US new-home sales jumped nearly 17% in May, more than economists expected, as buyers rushed back to the market

  • US new-home sales surged 16.6% in May from April, to an annualized pace of 676,000, the Census Bureau said Tuesday.
  • Economists surveyed by Bloomberg had expected a jump to an annualized rate of 640,000. In addition, the May rate is nearly 13% higher than the same month one year ago.
  • Homebuyers are flocking back to the housing market after months-long coronavirus pandemic lockdowns, fuelled by low mortgage rates.
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Homebuyers are rushing back to the housing market fuelled by record-low mortgage rates as the economy reopens from months-long lockdowns to contain coronavirus.

Sales of new single-family homes jumped 16.6% in May from April, to a seasonally adjusted annualized pace of 676,000, the Census Bureau reported Tuesday. The median economist estimate was for 640,000, according to Bloomberg data.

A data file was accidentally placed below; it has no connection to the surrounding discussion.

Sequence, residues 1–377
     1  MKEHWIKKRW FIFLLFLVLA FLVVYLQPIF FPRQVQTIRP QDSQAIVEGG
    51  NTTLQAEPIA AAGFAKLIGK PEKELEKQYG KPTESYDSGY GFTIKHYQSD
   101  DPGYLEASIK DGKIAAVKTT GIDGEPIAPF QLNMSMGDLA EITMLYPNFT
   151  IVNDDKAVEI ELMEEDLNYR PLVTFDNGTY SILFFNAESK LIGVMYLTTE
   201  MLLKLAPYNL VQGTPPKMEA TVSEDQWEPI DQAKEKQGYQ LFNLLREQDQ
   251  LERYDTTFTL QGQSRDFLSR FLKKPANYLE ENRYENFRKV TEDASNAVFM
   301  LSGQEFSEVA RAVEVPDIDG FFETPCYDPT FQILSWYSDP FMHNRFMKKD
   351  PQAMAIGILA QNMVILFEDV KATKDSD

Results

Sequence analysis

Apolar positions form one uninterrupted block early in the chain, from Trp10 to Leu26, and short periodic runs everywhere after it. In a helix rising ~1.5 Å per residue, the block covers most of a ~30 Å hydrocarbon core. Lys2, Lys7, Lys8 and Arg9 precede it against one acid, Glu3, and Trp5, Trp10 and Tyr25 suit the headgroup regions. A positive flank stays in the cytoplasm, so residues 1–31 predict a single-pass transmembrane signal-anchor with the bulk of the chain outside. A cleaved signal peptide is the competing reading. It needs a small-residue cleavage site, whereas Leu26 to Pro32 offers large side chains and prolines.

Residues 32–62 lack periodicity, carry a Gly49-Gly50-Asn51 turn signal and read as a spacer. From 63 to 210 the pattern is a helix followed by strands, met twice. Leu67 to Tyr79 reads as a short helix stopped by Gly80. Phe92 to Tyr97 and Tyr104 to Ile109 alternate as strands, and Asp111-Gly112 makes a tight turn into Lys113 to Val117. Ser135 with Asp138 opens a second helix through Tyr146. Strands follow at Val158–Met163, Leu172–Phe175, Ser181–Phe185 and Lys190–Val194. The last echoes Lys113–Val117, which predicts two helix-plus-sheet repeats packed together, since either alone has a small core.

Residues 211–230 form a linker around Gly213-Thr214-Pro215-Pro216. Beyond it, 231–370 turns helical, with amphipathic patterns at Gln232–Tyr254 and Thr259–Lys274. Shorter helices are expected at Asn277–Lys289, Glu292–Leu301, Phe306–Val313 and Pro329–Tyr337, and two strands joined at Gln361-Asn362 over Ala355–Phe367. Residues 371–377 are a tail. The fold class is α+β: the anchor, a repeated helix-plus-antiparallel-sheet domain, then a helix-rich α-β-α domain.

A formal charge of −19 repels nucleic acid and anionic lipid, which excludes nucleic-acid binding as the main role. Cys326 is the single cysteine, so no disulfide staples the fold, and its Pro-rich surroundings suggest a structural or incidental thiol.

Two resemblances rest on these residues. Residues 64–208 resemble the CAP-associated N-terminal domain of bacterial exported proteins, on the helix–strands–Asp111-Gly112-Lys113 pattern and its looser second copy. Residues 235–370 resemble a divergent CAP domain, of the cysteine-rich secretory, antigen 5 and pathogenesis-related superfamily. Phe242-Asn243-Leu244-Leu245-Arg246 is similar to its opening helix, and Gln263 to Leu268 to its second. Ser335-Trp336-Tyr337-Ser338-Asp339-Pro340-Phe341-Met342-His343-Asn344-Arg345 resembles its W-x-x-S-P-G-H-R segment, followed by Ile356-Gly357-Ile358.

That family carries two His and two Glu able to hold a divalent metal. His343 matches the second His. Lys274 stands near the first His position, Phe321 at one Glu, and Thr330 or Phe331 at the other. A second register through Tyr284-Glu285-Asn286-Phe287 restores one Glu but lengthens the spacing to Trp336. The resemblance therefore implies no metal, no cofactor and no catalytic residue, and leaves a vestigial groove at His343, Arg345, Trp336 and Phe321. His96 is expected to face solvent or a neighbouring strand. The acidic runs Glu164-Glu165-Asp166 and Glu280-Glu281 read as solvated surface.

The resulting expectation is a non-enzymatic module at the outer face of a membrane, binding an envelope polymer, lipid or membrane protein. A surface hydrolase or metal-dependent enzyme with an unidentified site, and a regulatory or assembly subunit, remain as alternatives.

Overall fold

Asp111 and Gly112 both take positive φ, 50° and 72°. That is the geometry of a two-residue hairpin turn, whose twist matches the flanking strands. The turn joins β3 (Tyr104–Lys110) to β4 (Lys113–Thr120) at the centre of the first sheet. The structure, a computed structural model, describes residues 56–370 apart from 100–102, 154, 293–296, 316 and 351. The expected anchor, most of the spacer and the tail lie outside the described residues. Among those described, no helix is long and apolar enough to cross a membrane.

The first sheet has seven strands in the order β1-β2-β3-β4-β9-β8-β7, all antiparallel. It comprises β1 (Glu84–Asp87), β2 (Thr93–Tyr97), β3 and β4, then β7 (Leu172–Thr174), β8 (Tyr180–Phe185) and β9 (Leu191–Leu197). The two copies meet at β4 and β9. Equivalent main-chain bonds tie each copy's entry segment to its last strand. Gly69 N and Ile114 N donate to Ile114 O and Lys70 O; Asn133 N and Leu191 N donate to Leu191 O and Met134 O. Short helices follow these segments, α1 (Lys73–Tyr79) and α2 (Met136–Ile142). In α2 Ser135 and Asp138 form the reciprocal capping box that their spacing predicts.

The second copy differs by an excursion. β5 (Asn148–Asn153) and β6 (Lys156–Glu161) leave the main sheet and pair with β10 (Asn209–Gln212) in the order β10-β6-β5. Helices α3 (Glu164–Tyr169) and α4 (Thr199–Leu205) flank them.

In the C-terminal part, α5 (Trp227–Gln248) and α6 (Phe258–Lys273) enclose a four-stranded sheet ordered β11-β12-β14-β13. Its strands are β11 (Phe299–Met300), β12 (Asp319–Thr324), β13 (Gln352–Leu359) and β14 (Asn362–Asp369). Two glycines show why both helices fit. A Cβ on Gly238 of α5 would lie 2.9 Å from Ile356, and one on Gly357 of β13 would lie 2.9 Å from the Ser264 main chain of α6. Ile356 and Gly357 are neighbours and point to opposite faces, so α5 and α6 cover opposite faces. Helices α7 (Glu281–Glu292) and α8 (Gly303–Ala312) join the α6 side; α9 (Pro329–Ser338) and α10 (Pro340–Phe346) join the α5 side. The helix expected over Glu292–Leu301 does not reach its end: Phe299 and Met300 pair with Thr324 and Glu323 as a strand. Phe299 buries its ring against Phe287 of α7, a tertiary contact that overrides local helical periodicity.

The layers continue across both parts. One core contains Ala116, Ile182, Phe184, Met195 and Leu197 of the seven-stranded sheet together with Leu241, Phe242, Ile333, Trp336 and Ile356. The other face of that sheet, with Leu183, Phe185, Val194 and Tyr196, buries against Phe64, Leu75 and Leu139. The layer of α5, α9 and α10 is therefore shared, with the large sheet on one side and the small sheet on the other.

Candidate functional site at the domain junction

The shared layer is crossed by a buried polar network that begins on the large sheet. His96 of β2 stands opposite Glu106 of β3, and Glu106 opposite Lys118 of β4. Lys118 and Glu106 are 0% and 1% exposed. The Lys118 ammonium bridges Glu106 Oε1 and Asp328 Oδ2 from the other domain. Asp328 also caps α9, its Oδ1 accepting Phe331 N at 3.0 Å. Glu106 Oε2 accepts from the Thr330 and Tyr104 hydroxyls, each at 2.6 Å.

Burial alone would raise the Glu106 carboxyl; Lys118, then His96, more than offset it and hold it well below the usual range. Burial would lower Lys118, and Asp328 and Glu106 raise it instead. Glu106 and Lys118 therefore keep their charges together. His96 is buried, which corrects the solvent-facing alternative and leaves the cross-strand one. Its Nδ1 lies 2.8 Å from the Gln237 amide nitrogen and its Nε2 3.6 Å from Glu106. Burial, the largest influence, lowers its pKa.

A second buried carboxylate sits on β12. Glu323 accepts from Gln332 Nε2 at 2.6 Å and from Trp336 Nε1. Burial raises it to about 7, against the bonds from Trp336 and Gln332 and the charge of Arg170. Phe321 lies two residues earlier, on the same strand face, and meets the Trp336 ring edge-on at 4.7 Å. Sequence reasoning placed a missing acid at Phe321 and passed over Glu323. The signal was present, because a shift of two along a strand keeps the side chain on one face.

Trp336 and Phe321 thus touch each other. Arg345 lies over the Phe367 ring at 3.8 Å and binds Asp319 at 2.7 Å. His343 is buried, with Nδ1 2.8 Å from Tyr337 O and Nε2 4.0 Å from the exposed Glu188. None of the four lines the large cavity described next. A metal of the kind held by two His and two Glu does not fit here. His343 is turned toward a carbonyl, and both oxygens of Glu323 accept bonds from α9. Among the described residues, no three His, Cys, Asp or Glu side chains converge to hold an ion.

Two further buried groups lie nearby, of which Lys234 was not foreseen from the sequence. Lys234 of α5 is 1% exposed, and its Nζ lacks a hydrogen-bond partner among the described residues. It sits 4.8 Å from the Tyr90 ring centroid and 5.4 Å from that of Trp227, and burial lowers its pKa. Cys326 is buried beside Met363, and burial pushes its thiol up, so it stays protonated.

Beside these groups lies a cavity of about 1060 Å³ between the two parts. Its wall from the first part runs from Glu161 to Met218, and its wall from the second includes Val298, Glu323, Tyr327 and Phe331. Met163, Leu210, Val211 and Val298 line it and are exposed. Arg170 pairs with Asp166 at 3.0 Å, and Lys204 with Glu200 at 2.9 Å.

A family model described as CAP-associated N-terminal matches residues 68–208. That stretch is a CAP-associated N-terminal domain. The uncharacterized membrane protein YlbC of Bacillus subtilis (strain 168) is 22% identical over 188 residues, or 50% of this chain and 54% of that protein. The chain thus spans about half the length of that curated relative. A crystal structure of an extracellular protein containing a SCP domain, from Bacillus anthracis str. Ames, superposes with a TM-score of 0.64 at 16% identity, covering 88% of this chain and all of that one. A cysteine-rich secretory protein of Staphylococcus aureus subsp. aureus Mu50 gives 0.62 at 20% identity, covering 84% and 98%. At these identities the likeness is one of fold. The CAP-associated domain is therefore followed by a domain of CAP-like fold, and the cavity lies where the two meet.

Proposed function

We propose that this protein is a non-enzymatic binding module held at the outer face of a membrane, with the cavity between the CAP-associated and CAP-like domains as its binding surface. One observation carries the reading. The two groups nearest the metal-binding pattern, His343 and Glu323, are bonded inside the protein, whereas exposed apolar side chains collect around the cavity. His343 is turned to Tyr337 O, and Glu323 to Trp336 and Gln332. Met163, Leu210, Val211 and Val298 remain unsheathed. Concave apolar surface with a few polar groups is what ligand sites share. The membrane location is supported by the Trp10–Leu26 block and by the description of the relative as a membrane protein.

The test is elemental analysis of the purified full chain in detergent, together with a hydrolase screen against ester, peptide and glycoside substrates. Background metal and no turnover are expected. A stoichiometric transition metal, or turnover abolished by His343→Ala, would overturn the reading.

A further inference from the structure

In addition to a larger-than-expected monthly surge, May sales were nearly 13% higher than a year ago. As the US economy reopens, people are flocking back to the housing market in droves – the rosy sales are a rebound from three months of declines ending in April.

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Record-low mortgage rates have helped fuel the rebound in housing activity, and new properties are in high demand because of a shortage in existing homes for sale.

“The housing market has held on relatively well during this service sector recession as would-be buyers have taken advantage of incredibly low mortgage rates, despite only viewing the homes online in many cases,” said Yelena Maleyev, associate economist at Grant Thornton.

Purchases in the South, the largest housing market in the country, jumped 15.2% in May, according to the report, a seven-month high. Sales in the West surged 29%, the fastest pace in three months, according to government data.